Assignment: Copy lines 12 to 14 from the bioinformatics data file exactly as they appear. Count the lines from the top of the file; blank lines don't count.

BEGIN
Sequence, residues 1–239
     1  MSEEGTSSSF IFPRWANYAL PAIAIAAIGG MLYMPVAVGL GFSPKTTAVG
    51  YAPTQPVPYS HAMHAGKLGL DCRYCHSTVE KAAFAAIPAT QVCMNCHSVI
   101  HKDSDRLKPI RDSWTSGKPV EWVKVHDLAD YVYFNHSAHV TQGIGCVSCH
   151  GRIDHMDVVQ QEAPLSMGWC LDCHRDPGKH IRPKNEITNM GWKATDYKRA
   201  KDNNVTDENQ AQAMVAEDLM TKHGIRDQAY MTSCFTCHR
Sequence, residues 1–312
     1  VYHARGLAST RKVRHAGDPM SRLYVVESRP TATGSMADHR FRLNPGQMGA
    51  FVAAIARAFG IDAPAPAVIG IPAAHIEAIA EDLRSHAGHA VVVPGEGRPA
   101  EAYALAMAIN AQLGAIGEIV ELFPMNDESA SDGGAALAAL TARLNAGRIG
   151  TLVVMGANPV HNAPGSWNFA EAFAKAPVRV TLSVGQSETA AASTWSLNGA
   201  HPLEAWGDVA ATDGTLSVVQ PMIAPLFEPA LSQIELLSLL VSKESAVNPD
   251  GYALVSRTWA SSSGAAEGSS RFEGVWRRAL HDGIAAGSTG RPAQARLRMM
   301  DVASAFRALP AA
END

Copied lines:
   201  HPLEAWGDVA ATDGTLSVVQ PMIAPLFEPA LSQIELLSLL VSKESAVNPD
   251  GYALVSRTWA SSSGAAEGSS RFEGVWRRAL HDGIAAGSTG RPAQARLRMM
   301  DVASAFRALP AA